United States District Court, W.D. Pennsylvania
Flowers Conti, Senior United States District Judge.
closed case, plaintiff Thomas Davis (“Davis”)
seeks relief pursuant to Federal Rule of Civil Procedure
60(b)(3), (4) or (6). Davis filed identical pro se motions at
ECF Nos. 20 and 21. He alleges a fraud upon the court
involving corruption of the judicial process itself.
Defendants filed a response in opposition to the motions (ECF
No. 23) and they are ripe for decision.
forth more fully in the court's memorandum opinion of
August 22, 2018, which granted defendants' motion to
dismiss this case with prejudice, Davis contends that on
February 25, 1989 (now more than 30 years ago), he was
arrested and charged with a series of state robberies at
Allegheny County criminal information number 8904098. Davis
avers that on March 2, 1990, during an unrecorded pretrial
proceeding, he was definitively acquitted of all robbery
charges both in fact and in law. (ECF No. 3 ¶ 18). Davis
avers that despite this “acquittal, ” he remained
charged and confined at criminal information number 8904098.
(ECF No. 3 ¶ 19). Davis was released from imprisonment
on May 2, 2018. (ECF No. 3 ¶ 20). Davis seeks damages
under § 1983.
recognizes that on March 23, 2010, this court dismissed his
civil rights action at Civil No. 09-415, which asserted the
same claims. (ECF Nos. 3 ¶ 25, 6-4, 6-5). He seeks
relief from the judgment at Civil No. 09-415 pursuant to
Federal Rule of Civil Procedure 60(d)(1) and (3), asserting
it was induced by a fraud upon the court, namely that there
was a misstatement of his acquittal date (May 3, 1991 versus
March 2, 1990). (ECF No. 3 ¶¶ 25, 26). Davis also
pleaded in the complaint that the limitations period did not
accrue until his release from prison in 2018. (ECF No. 3
memorandum opinion of August 22, 2018, the court noted that
Davis' complaint suffers from several incurable legal
flaws and must be dismissed with prejudice, and explained why
the complaint must be dismissed on the grounds of res
judicata and statute of limitations. The case was marked
appealed to the United States Court of Appeals for the Third
Circuit, which affirmed the dismissal of Davis'
complaint. The court of appeals observed that Davis failed to
advance any argument with respect to the doctrine of res
judicata. (ECF No. 19-2). The court of appeals explained that
because the complaint was properly dismissed on res judicata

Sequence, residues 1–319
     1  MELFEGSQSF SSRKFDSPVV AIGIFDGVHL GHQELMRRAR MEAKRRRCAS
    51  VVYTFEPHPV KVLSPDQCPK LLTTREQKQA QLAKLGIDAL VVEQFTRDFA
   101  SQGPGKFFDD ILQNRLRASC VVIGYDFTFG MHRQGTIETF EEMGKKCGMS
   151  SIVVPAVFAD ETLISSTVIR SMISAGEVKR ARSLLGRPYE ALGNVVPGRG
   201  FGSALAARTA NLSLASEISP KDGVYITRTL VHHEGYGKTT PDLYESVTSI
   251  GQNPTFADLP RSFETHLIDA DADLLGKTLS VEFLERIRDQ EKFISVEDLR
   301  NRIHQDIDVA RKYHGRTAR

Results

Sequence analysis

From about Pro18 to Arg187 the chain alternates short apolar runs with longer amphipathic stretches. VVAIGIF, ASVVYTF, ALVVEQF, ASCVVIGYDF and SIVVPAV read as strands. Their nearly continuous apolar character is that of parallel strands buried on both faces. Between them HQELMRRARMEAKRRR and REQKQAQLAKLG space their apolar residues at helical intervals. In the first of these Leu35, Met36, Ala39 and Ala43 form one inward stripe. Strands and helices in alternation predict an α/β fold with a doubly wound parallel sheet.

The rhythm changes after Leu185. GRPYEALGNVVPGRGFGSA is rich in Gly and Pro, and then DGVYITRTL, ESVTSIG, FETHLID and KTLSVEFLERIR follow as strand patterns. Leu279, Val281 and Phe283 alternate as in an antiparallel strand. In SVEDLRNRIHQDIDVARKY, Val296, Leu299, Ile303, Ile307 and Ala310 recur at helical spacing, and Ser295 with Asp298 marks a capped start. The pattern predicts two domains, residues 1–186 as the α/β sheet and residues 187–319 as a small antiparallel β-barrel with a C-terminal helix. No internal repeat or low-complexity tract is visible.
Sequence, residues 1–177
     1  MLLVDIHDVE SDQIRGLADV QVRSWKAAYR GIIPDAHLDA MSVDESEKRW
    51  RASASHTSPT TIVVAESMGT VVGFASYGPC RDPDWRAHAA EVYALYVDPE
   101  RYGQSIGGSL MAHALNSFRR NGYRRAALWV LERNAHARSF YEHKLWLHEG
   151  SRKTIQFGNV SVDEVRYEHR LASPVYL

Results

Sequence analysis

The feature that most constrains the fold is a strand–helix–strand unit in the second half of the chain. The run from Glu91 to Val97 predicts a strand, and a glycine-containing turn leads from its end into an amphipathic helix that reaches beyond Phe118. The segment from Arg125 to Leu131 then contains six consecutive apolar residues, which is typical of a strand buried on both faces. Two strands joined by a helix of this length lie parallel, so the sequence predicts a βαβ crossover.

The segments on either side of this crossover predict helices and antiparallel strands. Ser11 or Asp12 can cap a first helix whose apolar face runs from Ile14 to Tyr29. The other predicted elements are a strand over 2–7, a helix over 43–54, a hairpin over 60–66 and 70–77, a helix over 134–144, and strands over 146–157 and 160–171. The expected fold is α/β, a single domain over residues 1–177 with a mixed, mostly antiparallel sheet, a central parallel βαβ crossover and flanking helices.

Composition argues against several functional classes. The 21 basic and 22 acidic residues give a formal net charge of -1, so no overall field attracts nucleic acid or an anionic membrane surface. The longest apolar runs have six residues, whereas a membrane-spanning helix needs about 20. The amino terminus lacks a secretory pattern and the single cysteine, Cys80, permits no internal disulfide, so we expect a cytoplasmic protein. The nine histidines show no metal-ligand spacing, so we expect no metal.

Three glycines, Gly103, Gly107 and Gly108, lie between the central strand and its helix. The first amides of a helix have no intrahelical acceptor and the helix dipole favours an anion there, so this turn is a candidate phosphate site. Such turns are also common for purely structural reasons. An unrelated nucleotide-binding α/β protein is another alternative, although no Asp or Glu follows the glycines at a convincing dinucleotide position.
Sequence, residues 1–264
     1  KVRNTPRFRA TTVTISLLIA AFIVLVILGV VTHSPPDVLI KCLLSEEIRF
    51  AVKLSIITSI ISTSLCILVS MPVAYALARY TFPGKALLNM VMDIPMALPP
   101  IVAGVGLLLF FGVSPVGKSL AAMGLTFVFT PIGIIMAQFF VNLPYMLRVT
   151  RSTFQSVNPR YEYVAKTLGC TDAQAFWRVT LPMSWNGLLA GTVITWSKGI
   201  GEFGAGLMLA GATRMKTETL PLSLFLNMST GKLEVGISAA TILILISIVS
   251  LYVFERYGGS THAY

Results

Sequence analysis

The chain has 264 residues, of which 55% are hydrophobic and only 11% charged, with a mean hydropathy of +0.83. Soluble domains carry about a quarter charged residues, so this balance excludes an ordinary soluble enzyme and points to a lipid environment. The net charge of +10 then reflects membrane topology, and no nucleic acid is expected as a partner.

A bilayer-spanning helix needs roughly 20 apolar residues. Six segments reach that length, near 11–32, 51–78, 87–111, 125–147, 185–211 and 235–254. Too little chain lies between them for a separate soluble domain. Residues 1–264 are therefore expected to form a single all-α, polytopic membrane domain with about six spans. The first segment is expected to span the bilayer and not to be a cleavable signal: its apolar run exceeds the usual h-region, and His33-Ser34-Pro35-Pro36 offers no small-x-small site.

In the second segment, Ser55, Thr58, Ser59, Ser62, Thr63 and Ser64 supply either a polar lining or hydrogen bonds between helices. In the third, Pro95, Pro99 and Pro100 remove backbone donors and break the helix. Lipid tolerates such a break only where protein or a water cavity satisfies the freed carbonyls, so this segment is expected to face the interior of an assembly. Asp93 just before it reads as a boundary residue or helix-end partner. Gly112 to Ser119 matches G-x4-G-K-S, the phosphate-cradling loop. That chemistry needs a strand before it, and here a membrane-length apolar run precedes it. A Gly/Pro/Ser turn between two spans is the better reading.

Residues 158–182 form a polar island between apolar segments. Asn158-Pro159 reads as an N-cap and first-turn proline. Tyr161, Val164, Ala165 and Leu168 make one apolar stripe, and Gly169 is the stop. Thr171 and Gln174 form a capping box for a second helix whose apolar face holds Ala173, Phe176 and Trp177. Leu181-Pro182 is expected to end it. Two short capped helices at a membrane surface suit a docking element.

grounds, it did not need to address Davis' statute of
limitations argument. Id. The court noted that
Davis' argument about an incorrect date in court
documents did not satisfy the “high showing”
required to succeed on a theory of “fraud upon the
pending motion, Davis essentially asks this court to
improperly overrule the court of appeals' decision. Davis
contends that the court of appeals fraudulently avoided
addressing his statute of limitations arguments, did not
notify him of the decision until the mandate was issued
several weeks later, and failed to consider his exhibits
about his exoneration at CC:198904098. Davis argues that
these actions constitute a corruption of the judicial
vague and speculative accusations do not support a cognizable
“fraud on the court” claim. In Herring v.
United States, 424 F.3d 384, 386-87 (3d Cir. 2005), the
court explained that such actions are “so rare”
that a plaintiff has “not just a high hurdle to climb
but a steep cliff-face to scale.” Id. at 386.
“The concept of fraud upon the court challenges the
very principle upon which our judicial system is based: the
finality of a judgment.” Id. To state a claim,
there must be: (1) an intentional fraud; (2) by an officer of
the court; (3) which is directed at the court itself; and (4)
in fact deceives the court. A determination of fraud on the
court may be justified only by the “most egregious
misconduct” directed to the court itself, and must be
supported by clear, unequivocal and convincing evidence.
Id. at 386-87.
fell far short of this standard. His proper remedy, if he
disagreed with the decision of the Court of Appeals for the
Third Circuit, was to pursue a writ of certiorari to the
United States Supreme Court. This court is not permitted to
grant the relief he seeks. See Cyclops Corp. v. United
States, 408 F.Supp. 1287, 1291 (W.D. Pa. 1976)
(“The decisions of the United States Courts of Appeals,
of course, are binding upon the District Courts within such
reasons set forth above, the motions for relief filed by
Davis (ECF Nos. 20, 21) will be DENIED.
appropriate order follows.
now, this 25th day of June, 2019, for the reasons set forth
in the accompanying memorandum opinion, it is hereby ORDERED
that the motions for ...